Leslie Peacock, Allan Hewitt, David A. Rowe and Rona Sutherland
The study investigated (a) walking intensity (stride rate and energy expenditure) under three speed instructions; (b) associations between stride rate, age, height, and walking intensity; and (c) synchronization between stride rate and music tempo during overground walking in a population of healthy older adults.
Twenty-nine participants completed 3 treadmill-walking trials and 3 overground-walking trials at 3 self-selected speeds. Treadmill VO2 was measured using indirect calorimetry. Stride rate and music tempo were recorded during overground-walking trials.
Mean stride rate exceeded minimum thresholds for moderate to vigorous physical activity (MVPA) under slow (111.41 ± 11.93), medium (118.17 ± 11.43), and fast (123.79 ± 11.61) instructions. A multilevel model showed that stride rate, age, and height have a significant effect (p < .01) on walking intensity.
Healthy older adults achieve MVPA with stride rates that fall below published minima for MVPA. Stride rate, age, and height are significant predictors of energy expenditure in this population. Music can be a useful way to guide walking cadence.
Amanda Hickey, Dinesh John, Jeffer E. Sasaki, Marianna Mavilia and Patty Freedson
There is a need to examine step-counting accuracy of activity monitors during different types of movements. The purpose of this study was to compare activity monitor and manually counted steps during treadmill and simulated free-living activities and to compare the activity monitor steps to the StepWatch (SW) in a natural setting.
Fifteen participants performed laboratory-based treadmill (2.4, 4.8, 7.2 and 9.7 km/h) and simulated free-living activities (eg, cleaning room) while wearing an activPAL, Omron HJ720-ITC, Yamax Digi-Walker SW-200, 2 ActiGraph GT3Xs (1 in “low-frequency extension” [AGLFE] and 1 in “normal-frequency” mode), an ActiGraph 7164, and a SW. Participants also wore monitors for 1-day in their free-living environment. Linear mixed models identified differences between activity monitor steps and the criterion in the laboratory/free-living settings.
Most monitors performed poorly during treadmill walking at 2.4 km/h. Cleaning a room had the largest errors of all simulated free-living activities. The accuracy was highest for forward/rhythmic movements for all monitors. In the free-living environment, the AGLFE had the largest discrepancy with the SW.
This study highlights the need to verify step-counting accuracy of activity monitors with activities that include different movement types/directions. This is important to understand the origin of errors in step-counting during free-living conditions.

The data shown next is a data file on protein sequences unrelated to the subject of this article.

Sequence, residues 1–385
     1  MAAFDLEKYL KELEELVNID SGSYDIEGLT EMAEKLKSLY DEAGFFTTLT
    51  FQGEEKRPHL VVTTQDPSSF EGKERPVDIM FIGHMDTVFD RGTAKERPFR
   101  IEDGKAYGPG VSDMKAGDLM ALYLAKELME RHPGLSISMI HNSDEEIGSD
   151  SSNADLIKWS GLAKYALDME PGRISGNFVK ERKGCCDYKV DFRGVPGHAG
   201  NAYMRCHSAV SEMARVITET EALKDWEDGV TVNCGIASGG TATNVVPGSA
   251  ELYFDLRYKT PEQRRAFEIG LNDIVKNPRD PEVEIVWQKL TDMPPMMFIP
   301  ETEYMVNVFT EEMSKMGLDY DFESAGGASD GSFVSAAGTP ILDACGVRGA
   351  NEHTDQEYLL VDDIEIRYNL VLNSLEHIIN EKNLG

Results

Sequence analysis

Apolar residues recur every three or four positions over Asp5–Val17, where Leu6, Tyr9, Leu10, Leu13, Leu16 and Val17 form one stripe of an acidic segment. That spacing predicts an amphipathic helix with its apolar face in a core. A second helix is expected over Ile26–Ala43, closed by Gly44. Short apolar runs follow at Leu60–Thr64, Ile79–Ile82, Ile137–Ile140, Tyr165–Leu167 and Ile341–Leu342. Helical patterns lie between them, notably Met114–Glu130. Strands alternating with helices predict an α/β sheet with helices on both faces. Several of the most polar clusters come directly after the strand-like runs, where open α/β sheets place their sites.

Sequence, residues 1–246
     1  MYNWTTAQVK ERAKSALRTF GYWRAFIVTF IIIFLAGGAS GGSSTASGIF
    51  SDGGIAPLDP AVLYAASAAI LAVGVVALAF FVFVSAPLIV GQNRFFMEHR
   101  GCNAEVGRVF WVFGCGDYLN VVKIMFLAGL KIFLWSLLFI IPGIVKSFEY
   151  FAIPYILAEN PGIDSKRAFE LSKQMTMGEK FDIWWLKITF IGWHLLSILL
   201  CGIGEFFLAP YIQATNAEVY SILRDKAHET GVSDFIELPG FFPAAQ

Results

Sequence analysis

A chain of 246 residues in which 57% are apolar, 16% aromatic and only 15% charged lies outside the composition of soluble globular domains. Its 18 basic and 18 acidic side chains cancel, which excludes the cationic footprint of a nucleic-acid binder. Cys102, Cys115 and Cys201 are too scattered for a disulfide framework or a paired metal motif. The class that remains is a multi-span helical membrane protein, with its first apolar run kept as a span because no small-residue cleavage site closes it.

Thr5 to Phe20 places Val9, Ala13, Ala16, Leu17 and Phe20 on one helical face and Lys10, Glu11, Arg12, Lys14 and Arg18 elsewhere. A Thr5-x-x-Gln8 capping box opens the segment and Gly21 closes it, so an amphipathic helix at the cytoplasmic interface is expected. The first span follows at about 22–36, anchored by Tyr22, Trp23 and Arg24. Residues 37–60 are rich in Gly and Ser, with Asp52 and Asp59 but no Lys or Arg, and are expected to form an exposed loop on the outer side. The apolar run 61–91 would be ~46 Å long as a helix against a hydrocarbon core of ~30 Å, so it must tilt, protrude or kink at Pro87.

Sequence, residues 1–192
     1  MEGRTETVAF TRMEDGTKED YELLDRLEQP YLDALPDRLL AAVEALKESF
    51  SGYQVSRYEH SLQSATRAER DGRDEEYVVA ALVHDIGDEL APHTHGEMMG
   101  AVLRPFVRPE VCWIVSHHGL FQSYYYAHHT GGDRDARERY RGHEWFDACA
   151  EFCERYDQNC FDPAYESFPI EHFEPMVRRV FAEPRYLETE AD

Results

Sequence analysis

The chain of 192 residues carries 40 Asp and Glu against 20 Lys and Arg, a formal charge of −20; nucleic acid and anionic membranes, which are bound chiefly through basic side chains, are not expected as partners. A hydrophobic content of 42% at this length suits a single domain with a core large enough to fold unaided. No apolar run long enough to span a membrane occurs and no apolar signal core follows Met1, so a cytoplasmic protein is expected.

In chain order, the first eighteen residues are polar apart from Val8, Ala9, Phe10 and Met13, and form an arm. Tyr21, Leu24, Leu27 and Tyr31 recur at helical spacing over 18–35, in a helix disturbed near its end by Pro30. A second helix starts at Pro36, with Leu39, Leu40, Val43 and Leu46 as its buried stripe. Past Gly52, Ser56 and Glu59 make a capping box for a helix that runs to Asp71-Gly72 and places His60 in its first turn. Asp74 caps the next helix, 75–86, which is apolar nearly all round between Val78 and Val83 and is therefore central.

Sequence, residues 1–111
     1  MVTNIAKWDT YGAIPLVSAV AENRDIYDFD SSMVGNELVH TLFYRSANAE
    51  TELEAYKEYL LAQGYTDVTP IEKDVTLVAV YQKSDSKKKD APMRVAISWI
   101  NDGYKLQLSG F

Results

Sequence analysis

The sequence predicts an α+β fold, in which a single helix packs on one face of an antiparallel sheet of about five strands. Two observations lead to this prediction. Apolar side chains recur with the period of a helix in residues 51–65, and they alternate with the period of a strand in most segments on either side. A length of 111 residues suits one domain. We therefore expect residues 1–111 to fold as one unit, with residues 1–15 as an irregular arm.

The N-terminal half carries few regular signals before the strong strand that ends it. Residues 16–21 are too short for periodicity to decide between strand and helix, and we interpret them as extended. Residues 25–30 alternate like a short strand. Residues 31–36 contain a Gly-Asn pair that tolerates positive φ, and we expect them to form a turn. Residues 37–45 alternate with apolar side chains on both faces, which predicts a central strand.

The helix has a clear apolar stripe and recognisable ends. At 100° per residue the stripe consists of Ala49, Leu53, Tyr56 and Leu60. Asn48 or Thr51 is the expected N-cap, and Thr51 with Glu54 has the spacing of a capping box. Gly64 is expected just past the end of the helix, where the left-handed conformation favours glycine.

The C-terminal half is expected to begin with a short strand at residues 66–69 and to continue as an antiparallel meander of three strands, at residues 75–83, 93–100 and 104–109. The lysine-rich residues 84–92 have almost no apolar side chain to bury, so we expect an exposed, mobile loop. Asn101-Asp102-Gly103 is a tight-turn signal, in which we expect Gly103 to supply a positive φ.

Daniel A. Jacobs and Daniel P. Ferris
Instrumented insoles could benefit locomotion research on healthy and clinical populations by providing data in natural settings outside of the laboratory. We designed a low-cost, instrumented insole with 8 pneumatic bladders to measure localized plantar pressure information. We collected gait data during treadmill walking at 1.0 m/s and 1.5 m/s and for sit-to-stand and stand-tosit tasks for 10 subjects. We estimated a common representation of ground kinetics (3-component force vector, 2-component center of pressure position vector, and a single-component torque vector) from the insole data. We trained an intertask neural network for each component of the kinetic data. For the walking tasks at 1.0 m/s and 1.5 m/s, the normalized root mean square error was between 3.1% and 12.9% and for the sit-to-stand and stand-to-sit tasks, the normalized root mean square error was between 3.3% and 21.3% Our findings suggest that the proposed low-cost, instrumented insoles could provide useful data about movement kinetics during real-world activities.
Timo Rantalainen, Nicolas H. Hart, Sophia Nimphius and Daniel W. Wundersitz
Inertial measurement units (IMU) provide a convenient tool for gait stability assessment. However, it is unclear how various gait characteristics relate to each other and whether gait characteristics can be obtained from resultant acceleration. Therefore, step duration variability was measured in treadmill walking from 39 young ambulant volunteers (age 24.2 [± 2.5] y; height 1.79 [± 0.09] m; mass 71.6 [± 12.0] kg) using motion capture. Accelerations and gyrations were simultaneously recorded with an IMU. Harmonic ratio, maximum Lyapunov exponents, and multiscale sample entropy (MSE) were calculated. Step duration variability was positively associated with MSE with coarseness levels = 3–6 (r = –.33 to –.42, P ≤ .045). Harmonic ratio and MSE with all coarseness levels were negatively associated (r = –.45 to –.57, P ≤ .004). The MSE with coarseness level = 2 was negatively associated with short-term maximum Lyapunov exponents (r = –.32, P = .047). The agreement between resultant and vertical acceleration derived gait characteristics was excellent (ICC = 0.97–0.99). In conclusion, MSE with varying coarseness levels was associated with the other gait characteristics evaluated in the study. Resultant and vertical acceleration derived results had excellent agreement, which suggests that resultant acceleration is a viable alternative to considering the acceleration dimensions independently.